Having Residual Concerns About Residue?
Posted on 7/16/2009
A closer look at "residue" on the surface of coins including why this can lead a coin to be rejected for certification and how professional conservation can play a role in bringing these coins back to life.
Having Residual Concerns About Residue? If so, you’re not alone. This subject prompts a great many questions to NGC from its customers. Perhaps the most common is: What does NGC mean by “Residue” when it returns a coin to the customer ungraded? Receiving one’s coin back in the dreaded “body bag,” a flip to which is affixed a sticker revealing the cause for a “No Grade” determination, is mystifying to many customers. More puzzling still is that some coins displaying a naturally occurring film may be deemed gradeable by the experts at NGC. What are the differences between natural, acceptable residue and unnatural or harmful residue which prompts a No Grade judgment from NGC?
The catch-all term “Residue” as used by NGC refers to any one of numerous substances that may build up on a coin. The truth is that even the professional graders at NGC may not know the exact nature of a fine haze that covers a vintage coin, but the important point is that they’re able to distinguish harmless, natural residue from that which is potentially destructive or was applied intentionally to make a coin appear better than it is.
All the many ways that coin “doctors” attempt to conceal problems and the substances they use are subjects for another article. What’s important to know is that, to the trained eye, these problems remain evident underneath the substance covering them. Such coins are among those often sent back to the submitter with a No Grade determination of Residue. In this way, NGC will not reward coin doctors for their efforts, no matter how skillful they may be.
|This Peace dollar has a layer of
PVC residue that is easily observed.
Note the “off” color of light green
haze on the coin’s surface. Click
image to enlarge.
Also falling into the No Grade—Residue category are pieces having some film which may have developed naturally but which poses a risk of further deterioration. Most such instances are the result of polyvinyl chloride (PVC) forming over a coin’s surfaces from prolonged storage in soft, vinyl flips. Frequently, in such cases, rather than “Residue,” these coins’ accompanying No Grade tags will read specifically, “PVC.” When the nature of the contaminant is not known, the generic term Residue appears.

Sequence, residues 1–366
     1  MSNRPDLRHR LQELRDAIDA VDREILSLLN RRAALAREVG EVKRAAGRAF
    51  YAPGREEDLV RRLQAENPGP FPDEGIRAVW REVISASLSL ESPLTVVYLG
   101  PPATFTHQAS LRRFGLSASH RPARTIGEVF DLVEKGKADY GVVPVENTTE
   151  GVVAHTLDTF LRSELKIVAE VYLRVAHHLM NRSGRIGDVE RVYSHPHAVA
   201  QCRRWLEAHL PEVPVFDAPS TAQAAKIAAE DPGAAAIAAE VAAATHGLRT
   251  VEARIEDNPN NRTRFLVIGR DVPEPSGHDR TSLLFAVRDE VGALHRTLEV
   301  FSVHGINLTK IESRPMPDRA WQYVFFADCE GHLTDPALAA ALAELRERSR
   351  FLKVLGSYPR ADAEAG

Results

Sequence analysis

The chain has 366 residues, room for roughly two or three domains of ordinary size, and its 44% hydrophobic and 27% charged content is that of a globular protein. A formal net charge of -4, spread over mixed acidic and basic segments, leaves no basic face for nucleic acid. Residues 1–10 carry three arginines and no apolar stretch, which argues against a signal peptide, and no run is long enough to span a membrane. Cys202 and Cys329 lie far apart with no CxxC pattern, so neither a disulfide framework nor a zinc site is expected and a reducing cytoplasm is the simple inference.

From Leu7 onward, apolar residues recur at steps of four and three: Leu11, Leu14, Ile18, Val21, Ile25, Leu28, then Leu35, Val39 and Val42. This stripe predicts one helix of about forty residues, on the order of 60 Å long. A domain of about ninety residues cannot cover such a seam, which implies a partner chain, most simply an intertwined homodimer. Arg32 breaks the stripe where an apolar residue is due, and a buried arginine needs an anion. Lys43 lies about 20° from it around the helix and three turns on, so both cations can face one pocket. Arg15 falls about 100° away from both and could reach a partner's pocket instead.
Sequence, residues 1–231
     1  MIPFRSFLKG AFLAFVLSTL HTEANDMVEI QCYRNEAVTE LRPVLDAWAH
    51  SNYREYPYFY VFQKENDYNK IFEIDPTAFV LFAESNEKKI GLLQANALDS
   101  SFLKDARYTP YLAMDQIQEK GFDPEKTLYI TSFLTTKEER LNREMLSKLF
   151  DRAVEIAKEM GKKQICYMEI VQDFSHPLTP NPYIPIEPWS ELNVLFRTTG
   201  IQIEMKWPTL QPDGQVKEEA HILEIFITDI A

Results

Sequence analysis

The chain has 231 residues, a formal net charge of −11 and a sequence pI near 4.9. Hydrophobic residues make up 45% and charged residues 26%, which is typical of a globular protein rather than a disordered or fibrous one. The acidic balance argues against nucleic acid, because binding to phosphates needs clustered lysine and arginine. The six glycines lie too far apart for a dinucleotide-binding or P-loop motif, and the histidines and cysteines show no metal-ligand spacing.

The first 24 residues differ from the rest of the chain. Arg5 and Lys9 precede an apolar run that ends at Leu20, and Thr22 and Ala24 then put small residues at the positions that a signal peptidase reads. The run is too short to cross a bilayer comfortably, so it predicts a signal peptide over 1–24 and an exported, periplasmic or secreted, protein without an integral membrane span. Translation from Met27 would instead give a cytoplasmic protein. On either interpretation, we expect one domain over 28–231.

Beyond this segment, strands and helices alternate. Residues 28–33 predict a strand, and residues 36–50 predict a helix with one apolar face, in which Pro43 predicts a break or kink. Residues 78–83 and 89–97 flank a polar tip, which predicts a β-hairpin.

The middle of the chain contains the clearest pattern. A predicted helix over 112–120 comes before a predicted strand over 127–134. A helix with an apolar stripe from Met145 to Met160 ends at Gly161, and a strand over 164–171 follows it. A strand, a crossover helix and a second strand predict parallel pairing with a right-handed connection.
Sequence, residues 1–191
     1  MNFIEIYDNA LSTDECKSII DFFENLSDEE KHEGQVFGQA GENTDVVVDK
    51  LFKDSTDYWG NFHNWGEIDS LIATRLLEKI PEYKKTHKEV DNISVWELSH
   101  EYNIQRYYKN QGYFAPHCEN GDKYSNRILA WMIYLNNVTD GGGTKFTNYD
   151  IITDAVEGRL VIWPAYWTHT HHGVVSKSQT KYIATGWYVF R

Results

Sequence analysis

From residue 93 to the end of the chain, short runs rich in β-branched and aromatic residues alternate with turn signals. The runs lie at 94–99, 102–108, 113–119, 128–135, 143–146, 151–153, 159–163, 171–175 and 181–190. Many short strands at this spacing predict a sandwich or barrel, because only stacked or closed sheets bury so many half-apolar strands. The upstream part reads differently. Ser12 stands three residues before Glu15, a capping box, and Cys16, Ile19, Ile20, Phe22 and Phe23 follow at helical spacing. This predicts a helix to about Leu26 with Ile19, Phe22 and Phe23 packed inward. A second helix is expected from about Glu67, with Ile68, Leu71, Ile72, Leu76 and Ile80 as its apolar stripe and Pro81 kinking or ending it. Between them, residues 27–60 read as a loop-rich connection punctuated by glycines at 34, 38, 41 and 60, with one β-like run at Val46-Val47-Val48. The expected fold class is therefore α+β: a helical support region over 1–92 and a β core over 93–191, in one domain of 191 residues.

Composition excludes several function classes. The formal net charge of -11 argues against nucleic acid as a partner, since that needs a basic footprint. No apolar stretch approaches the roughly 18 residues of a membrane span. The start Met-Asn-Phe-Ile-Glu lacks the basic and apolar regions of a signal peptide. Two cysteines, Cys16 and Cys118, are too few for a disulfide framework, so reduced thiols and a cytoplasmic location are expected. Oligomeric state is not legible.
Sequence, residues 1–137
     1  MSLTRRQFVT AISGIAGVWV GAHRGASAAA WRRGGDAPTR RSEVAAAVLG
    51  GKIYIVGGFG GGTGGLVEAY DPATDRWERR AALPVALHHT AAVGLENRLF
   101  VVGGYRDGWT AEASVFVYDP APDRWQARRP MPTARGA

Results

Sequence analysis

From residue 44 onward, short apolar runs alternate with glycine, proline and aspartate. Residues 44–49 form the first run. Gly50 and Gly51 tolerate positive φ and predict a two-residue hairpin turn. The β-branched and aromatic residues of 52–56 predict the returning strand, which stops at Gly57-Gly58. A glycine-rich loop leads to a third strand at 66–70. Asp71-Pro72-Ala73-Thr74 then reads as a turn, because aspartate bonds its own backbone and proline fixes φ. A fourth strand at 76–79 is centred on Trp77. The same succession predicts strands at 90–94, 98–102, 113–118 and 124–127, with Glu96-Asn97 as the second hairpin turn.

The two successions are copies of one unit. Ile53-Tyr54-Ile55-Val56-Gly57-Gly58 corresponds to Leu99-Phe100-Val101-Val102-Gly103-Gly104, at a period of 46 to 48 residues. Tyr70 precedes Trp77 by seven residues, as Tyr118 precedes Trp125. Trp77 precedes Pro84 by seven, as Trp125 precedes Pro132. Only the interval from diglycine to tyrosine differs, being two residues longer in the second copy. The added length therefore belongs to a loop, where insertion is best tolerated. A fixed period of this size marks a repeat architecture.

Some of the naturally occurring, acceptable residue seen on old coins is simply the result of long-term storage in canvas mint bags, paper bank wrappers, coin albums or other organic media. These materials emit vapors as they react with moisture and the atmosphere. Though the process is very slow, over a period of years some of this vaporized material will settle onto coins or even react with their surfaces. The metals, too, react with moisture and the atmosphere to form toning, which may be either distracting or quite beautiful, depending on its pattern, coloration and depth.
The professional graders at NGC are familiar with all of these circumstances and the resulting appearance of naturally hazed or toned coins. Such considerations are paramount when determining whether or not a coin may be graded. Since each and every NGC-certified coin is backed by NGC’s solid grade guarantee, the company will not grade and encapsulate coins displaying contaminants which may, over time, lessen the coin’s grade. Therefore, any coin which is NGC certified and encapsulated has been determined to be safe from deterioration under normal storage conditions, even if it may exhibit some film on its surfaces.